This Advent, I found myself returning to the writings and homilies of Father Alfred Delp for spiritual inspiration. Fr. Delp was a German Jesuit priest who was imprisoned and martyred in a Nazi death camp in 1945. At the time of his arrest, he was the Rector of St. George Church in Munich and had a reputation for being a gripping and dynamic preacher. He was also an outspoken critic of the Nazi regime and a leader in the Resistance movement.
I like to read Father Delp’s writings because he was a great Christian man, filled with a deep faith and was fearless in his calling as a priest, even in the face of great chaos, fear and hostility.
He has wonderful insights for this season of Advent. Father Delp speaks of Advent, especially, as a time in which we journey towards an encounter with the Ultimate, with the Almighty, with the Lord God. Father Delp writes that to be face-to-face with the Ultimate and Almighty that we must be “in a state of being shaken, with an alert, awakened heart that does not freeze up, does not become weary, or cramped, or deadened, but sees things as they are.” These words are echoed in the passages from the last several Sunday’s readings: to stay alert and sober.
Father Delp also speaks of Advent as a time for us to make a confession. In one sense, his use of confession means to acknowledge and seek forgiveness for sin in our life as we await Christ’s second coming. And so, I do invite and encourage you to join us at our Advent Parish Penance Service tomorrow/this evening, in which we will pray Evening Prayer together and will have the opportunity for the Sacrament of Reconciliation.
Father Delp also speaks of confession in the sense of making a public declaration or affirmation. He states that each of us are asked daily, just as John the Baptist was asked in today’s Gospel, “Who are you.” Our response, like John’s is two-fold: who we are not and who we are. In response to the question: “Who are you?,” John responded, “I am not the Christ or Elijah or the Prophet,” but I am the voice of one crying out in the desert, 'make straight the way of the Lord,'" as Isaiah the prophet said;” AND “I baptize with water; but there is one among you whom you do not recognize, the one who is coming after me, whose sandal strap I am not worthy to untie.”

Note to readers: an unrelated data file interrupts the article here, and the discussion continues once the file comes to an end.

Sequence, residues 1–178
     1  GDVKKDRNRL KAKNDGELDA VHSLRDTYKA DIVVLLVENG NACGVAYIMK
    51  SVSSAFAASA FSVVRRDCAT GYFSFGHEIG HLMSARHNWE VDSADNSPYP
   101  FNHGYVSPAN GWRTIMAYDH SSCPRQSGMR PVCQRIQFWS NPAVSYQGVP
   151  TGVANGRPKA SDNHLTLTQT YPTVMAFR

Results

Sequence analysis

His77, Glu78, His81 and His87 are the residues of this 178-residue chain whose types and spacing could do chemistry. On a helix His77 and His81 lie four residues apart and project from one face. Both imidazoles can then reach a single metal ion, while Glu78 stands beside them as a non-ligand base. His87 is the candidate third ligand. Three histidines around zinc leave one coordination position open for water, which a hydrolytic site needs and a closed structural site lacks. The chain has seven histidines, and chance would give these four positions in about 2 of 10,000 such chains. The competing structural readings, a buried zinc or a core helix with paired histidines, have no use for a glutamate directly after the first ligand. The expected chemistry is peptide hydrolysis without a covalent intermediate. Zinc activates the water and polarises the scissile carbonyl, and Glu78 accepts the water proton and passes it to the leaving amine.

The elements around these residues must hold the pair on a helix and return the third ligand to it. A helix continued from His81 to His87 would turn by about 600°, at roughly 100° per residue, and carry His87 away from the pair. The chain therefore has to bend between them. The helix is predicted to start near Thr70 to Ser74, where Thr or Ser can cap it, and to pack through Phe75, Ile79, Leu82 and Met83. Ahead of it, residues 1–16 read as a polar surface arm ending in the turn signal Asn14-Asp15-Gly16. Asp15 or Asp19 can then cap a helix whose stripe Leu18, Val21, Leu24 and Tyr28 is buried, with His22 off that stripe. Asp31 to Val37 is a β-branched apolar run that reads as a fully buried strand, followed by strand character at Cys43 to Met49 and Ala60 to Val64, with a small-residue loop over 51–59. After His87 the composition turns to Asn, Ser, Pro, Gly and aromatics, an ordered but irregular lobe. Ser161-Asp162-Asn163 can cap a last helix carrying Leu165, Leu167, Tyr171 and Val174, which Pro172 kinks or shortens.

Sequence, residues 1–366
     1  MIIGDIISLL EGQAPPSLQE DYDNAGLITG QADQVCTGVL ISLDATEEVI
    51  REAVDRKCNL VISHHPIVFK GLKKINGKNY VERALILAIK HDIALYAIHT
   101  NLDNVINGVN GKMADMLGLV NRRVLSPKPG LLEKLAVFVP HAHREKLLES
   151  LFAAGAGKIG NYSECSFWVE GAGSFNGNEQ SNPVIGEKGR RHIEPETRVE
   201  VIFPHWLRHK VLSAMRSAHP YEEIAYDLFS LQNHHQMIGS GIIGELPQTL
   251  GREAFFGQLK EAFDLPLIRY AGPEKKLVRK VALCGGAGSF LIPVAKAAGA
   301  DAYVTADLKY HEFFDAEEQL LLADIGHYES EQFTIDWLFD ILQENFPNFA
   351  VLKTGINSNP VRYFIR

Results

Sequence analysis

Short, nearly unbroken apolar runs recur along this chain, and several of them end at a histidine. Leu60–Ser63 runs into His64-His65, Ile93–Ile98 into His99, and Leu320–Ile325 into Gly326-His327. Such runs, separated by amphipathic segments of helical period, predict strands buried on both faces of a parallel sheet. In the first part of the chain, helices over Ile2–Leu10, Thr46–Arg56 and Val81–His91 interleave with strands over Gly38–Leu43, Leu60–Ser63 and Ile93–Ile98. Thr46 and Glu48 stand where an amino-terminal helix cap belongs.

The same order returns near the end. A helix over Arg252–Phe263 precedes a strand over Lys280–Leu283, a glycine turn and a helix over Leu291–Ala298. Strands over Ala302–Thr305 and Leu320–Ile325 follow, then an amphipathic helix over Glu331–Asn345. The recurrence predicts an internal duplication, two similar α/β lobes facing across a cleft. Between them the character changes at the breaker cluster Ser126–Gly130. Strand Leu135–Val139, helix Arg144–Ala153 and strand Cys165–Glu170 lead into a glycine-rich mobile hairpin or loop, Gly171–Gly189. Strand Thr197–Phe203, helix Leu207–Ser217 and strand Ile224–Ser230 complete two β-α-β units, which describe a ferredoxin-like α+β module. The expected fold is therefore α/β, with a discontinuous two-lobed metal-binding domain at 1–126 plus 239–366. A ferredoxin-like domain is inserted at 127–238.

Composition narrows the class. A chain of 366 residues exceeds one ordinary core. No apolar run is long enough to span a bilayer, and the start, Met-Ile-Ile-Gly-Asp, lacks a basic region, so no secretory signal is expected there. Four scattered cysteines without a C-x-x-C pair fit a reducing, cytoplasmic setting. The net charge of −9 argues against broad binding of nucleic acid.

John’s confession comes from a wonderful clarity of thought and integrity of action – these are beautiful qualities that we speak of in our Saturday morning men’s initiative as qualities of authentic male leadership. It is this clarity and integrity that makes John focused and determined in his love and service to God.
This is true also of Paul in his letter to the Thessalonians, in our Second Reading; Mary’s Magnificat, which was today’s Responsorial Psalm; and of the prophet Isaiah in today’s First Reading. Each in their own way possess great clarity and integrity in who they are and what they are called to do. Paul’s joy-filled pastoral letter to the Thessalonians show his great love for and service to this community. Mary’s hymn of praise comes immediately after being told the impossible – that she was to conceive a child – and expresses her openness and joy to God’s calling. And Isaiah, who rejoices heartily in the LORD, is clear in his call to bring glad tidings to the poor, to heal the brokenhearted, to proclaim liberty to the captives and release to the prisoners, to announce a year of favor from the LORD and a day of vindication by our God.
It is not always clear what we are called to do or what brings us joy. Yet, it is from an encounter with the Lord that has come and a Lord that is yet to come that we find clarity of thought, integrity in action AND joy in who we are.
Like Father Delp, John the Baptist, Saint Paul, the prophet Isaiah, and Mary, let us be grounded in who we are through our relationship with Jesus Christ, who taught us how to be in relationship with God and others; and who suffered and died so that we might be in this relationship eternally.
This Advent we rejoice that God became man, in Jesus Christ, and we eagerly await his second coming.
And, when asked: “Who are you?;” rejoice in the comfort and assurance of knowing who you are and what you are calling is.